What's in it for me?

MySQL & Perl for the Web is the book that Perl programmers on any project will wish The Other Guy had read. The examples are clear, the writing is engaging, and the code is maintainable. This is a practical book and should not be overlooked in any serious Perl programmer's library.


You can purchase MySQL and Perl for the Web from bn.com. Slashdot welcomes readers' book reviews -- to see your own review here, read the book review guidelines, then visit the submission page.

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MySQL and Perl for the Web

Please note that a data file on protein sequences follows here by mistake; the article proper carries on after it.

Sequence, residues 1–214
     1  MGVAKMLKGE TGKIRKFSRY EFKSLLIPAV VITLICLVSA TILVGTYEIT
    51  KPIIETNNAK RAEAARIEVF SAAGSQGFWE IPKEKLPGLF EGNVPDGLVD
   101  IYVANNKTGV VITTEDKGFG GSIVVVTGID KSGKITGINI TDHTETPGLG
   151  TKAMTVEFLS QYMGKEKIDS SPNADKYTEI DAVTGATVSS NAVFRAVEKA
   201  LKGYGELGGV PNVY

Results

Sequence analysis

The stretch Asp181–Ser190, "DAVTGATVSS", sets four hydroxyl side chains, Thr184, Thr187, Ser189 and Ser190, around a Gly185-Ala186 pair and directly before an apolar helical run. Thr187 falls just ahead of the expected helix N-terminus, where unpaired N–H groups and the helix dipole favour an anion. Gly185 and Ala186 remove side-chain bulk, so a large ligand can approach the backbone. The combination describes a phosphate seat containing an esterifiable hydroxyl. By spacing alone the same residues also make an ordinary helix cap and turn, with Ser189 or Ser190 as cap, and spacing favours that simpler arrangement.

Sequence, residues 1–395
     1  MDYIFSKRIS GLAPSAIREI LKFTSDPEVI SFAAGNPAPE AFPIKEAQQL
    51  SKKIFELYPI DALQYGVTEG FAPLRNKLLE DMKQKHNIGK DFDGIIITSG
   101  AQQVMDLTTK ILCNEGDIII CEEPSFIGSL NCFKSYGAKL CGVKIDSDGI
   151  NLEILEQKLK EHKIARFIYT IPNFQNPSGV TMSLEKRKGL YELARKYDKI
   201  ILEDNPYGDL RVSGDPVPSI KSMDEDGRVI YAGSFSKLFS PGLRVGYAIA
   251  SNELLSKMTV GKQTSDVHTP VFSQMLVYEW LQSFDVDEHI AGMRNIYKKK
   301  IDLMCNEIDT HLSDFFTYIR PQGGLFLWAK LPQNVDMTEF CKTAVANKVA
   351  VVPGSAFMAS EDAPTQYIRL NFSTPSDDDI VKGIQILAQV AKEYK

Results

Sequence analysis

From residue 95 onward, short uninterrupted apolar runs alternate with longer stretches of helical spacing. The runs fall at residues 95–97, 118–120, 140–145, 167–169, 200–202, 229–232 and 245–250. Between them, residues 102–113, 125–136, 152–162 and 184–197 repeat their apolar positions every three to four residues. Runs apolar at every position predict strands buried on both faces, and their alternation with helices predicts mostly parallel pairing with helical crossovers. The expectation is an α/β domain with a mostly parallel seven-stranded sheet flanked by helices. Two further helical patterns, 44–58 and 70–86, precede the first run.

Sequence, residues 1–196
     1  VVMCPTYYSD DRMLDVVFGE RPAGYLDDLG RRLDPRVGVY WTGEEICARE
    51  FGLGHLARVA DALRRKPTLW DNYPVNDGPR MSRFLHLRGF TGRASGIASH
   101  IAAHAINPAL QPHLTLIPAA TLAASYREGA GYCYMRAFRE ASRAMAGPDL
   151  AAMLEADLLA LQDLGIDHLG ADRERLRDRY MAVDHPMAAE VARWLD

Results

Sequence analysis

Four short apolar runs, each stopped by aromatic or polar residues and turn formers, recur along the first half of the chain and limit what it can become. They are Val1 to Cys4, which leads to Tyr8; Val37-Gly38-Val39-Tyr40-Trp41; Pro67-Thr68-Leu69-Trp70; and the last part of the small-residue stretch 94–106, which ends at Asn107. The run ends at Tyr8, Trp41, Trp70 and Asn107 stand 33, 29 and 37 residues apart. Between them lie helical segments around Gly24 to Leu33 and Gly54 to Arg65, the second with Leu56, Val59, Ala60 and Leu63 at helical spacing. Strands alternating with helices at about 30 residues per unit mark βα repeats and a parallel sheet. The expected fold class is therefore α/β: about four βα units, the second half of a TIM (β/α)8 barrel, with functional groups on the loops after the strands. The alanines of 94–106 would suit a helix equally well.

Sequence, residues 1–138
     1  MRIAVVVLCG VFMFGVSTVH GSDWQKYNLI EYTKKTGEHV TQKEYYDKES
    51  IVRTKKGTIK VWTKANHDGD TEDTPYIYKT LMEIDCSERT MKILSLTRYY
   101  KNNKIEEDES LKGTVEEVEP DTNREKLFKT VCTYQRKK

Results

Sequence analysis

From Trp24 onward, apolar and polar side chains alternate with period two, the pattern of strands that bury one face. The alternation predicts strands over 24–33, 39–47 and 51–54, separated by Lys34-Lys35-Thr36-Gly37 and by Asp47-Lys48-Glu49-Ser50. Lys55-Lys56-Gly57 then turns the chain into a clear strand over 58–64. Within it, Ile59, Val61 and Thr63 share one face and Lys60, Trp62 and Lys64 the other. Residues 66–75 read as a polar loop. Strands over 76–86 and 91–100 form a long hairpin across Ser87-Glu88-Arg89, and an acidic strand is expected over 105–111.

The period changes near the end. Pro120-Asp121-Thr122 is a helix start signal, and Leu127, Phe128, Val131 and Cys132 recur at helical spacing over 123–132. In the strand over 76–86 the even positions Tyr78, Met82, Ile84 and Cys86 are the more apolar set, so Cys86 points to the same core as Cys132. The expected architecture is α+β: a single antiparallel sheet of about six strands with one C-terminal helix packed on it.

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  • Web, schmeb (Score:5, Insightful)

    by jargoone (166102) * on Monday April 26, 2004 @04:31PM (#8976068)
    Perl (also love it or hate it) was almost synonymous with website programming.

    Love Perl for most anything, hate it for web "programming". There's a good reason it was synonymous with website programming. It's because there now exist more flexible, robust, easy-to-use platforms for web development.
    • Re:Web, schmeb (Score:5, Interesting)

      by wawannem (591061) on Monday April 26, 2004 @04:37PM (#8976143) Homepage
      Currently working in a Java/JSP/Sybase-based web programming environment and I love it.

      But, I will give perl it's props.

      I often use it to prototype large projects. Despite most arguments for other languages, I will say that you can pump out perl code pretty fast and it does help when you need some mockups and basic functionality to sell a concept.
    • Re:Web, schmeb (Score:2, Informative)

      by zerocool^ (112121)